handle () (PutStr s) k = do ioe_lift $ putStr s; k () ()
handle () GetStr k = do x <- ioe_lift $ getLine; k x ()
handle () (PutCh c) k = do ioe_lift $ putChar c; k () ()
handle () GetCh k = do x <- ioe_lift $ getChar; k x ()
STDIO : EFFECT
STDIO = MkEff () StdIO
```

## Exceptions¶

The listing below gives the definition of the `Exception`

effect, including two of its handlers for `Maybe`

and `List`

. The
only operation provided is `Raise`

. The key point to note in the
definitions of these handlers is that the continuation `k`

is not
used. Running `Raise`

therefore means that computation stops with an
error.

```
data Exception : Type -> Effect where
Raise : a -> { () } Exception a b
instance Handler (Exception a) Maybe where
handle _ (Raise e) k = Nothing
instance Handler (Exception a) List where
handle _ (Raise e) k = []
EXCEPTION : Type -> EFFECT
EXCEPTION t = MkEff () (Exception t)
```

## Non-determinism¶

The following listing gives the definition of the `Select`

effect for writing non-deterministic programs, including a handler for
`List`

context which returns all possible successful values, and a
handler for `Maybe`

context which returns the first successful
value.

```
data Selection : Effect where
Select : List a -> { () } Selection a
instance Handler Selection Maybe where
handle _ (Select xs) k = tryAll xs where
tryAll [] = Nothing
tryAll (x :: xs) = case k x () of
Nothing => tryAll xs
Just v => Just v
instance Handler Selection List where
handle r (Select xs) k = concatMap (\x => k x r) xs
SELECT : EFFECT
SELECT = MkEff () Selection
```

Here, the continuation is called multiple times in each handler, for
each value in the list of possible values. In the `List`

handler, we
accumulate all successful results, and in the `Maybe`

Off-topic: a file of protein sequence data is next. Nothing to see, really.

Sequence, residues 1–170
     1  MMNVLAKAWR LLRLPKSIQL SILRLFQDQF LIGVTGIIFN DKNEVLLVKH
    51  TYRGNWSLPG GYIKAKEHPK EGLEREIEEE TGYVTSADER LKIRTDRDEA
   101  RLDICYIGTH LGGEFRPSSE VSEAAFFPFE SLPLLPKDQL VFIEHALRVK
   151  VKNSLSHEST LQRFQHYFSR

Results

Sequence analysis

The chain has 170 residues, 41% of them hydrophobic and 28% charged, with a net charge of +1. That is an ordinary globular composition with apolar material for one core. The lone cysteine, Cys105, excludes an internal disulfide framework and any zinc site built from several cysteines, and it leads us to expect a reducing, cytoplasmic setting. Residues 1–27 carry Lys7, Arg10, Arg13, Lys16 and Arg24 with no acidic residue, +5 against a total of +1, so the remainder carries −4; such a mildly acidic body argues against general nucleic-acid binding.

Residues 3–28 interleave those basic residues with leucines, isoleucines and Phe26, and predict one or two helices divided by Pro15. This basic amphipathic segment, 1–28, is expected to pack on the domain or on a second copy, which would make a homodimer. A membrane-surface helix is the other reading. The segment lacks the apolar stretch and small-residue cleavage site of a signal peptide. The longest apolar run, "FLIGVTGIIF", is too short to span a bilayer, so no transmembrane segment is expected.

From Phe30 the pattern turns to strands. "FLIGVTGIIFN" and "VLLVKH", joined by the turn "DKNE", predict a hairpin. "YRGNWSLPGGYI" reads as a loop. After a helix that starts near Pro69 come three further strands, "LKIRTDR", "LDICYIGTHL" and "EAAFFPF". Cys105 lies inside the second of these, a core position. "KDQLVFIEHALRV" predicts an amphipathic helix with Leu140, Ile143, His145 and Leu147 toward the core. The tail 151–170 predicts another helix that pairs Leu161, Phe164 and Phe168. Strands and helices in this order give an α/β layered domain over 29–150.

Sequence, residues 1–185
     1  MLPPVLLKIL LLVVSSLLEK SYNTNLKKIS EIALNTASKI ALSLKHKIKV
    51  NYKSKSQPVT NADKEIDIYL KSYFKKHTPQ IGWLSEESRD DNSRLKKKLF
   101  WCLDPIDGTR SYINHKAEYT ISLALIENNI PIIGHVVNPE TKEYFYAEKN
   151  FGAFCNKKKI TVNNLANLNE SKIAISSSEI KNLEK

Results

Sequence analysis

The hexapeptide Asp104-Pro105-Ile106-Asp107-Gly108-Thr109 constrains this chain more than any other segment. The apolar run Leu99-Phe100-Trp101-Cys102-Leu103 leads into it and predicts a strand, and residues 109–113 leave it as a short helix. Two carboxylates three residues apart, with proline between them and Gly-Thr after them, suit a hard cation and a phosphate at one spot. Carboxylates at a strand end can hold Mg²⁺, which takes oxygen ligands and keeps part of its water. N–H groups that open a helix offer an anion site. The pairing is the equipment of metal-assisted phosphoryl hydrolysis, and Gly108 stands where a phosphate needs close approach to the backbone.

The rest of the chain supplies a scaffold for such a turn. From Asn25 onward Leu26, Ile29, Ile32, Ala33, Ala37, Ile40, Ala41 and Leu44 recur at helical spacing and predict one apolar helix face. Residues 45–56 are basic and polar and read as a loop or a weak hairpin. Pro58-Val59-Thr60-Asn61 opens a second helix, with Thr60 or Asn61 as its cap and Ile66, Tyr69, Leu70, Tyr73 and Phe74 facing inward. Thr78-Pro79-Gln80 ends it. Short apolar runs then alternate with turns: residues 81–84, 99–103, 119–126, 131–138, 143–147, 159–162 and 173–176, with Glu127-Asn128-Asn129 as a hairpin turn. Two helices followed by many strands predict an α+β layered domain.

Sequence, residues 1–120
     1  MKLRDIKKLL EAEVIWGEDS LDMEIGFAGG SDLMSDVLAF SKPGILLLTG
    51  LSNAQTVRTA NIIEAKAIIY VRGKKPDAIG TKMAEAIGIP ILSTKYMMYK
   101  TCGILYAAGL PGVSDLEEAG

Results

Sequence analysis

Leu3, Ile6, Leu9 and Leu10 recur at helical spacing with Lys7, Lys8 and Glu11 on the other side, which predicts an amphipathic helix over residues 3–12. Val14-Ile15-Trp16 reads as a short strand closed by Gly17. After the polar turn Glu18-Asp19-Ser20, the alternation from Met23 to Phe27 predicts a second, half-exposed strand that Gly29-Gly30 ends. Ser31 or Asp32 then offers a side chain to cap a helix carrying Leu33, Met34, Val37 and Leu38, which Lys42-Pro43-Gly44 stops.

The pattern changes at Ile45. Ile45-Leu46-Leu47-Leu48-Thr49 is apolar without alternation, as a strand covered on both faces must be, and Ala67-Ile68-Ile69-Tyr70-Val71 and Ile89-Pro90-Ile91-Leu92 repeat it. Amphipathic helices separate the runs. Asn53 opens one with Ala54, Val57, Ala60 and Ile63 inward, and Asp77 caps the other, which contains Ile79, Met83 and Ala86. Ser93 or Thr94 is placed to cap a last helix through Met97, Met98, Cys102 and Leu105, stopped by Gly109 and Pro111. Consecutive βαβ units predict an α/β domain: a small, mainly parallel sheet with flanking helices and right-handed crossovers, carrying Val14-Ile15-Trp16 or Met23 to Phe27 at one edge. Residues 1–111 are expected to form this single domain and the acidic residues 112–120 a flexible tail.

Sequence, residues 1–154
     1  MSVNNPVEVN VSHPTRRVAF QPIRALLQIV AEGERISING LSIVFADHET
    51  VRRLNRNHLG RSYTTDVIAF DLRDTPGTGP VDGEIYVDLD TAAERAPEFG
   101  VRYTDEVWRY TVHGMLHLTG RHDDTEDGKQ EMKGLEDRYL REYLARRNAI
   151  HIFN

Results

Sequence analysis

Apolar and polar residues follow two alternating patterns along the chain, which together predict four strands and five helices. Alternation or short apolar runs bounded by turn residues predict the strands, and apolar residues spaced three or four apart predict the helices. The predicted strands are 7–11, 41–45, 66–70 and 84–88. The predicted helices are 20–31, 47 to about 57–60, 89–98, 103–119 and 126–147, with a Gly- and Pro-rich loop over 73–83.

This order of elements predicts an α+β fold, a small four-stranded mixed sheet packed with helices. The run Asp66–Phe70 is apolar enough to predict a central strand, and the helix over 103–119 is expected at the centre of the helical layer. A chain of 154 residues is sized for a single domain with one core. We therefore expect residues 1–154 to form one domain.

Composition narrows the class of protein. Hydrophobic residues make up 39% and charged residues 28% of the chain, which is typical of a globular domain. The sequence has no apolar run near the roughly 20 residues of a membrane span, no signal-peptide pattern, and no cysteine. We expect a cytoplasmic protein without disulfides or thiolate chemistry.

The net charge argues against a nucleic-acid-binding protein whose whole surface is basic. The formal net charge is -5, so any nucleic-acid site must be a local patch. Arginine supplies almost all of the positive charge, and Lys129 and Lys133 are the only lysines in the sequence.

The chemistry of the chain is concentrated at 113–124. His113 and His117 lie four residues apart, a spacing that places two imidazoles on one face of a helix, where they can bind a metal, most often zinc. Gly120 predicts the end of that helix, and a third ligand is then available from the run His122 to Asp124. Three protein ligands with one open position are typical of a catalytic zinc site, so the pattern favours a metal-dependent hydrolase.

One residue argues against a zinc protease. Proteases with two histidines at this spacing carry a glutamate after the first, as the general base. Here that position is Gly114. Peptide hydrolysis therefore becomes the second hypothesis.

handler we try
the first value in the last, and try later values only if that fails.

## File Management¶

Result-dependent effects are no different from non-dependent effects
in the way they are implemented. The listing below
illustrates this for the `FILE_IO`

effect. The syntax for state
transitions `{ x ==> {res} x’ }`

, where the result state `x’`

is
computed from the result of the operation `res`

, follows that for
the equivalent `Eff`

programs.

```
data FileIO : Effect where
Open : String -> (m : Mode) ->
{() ==> {res} if res then OpenFile m else ()} FileIO Bool
Close : {OpenFile m ==> ()} FileIO ()
ReadLine : {OpenFile Read} FileIO String
WriteLine : String -> {OpenFile Write} FileIO ()
EOF : {OpenFile Read} FileIO Bool
instance Handler FileIO IO where
handle () (Open fname m) k = do h <- openFile fname m
if !(validFile h)
then k True (FH h)
else k False ()
handle (FH h) Close k = do closeFile h
k () ()
handle (FH h) ReadLine k = do str <- fread h
k str (FH h)
handle (FH h) (WriteLine str) k = do fwrite h str
k () (FH h)
handle (FH h) EOF k = do e <- feof h
k e (FH h)
FILE_IO : Type -> EFFECT
FILE_IO t = MkEff t FileIO
```

Note that in the handler for `Open`

, the types passed to the
continuation `k`

are different depending on whether the result is
`True`

(opening succeeded) or `False`

(opening failed). This uses
`validFile`

, defined in the `Prelude`

, to test whether a file
handler refers to an open file or not.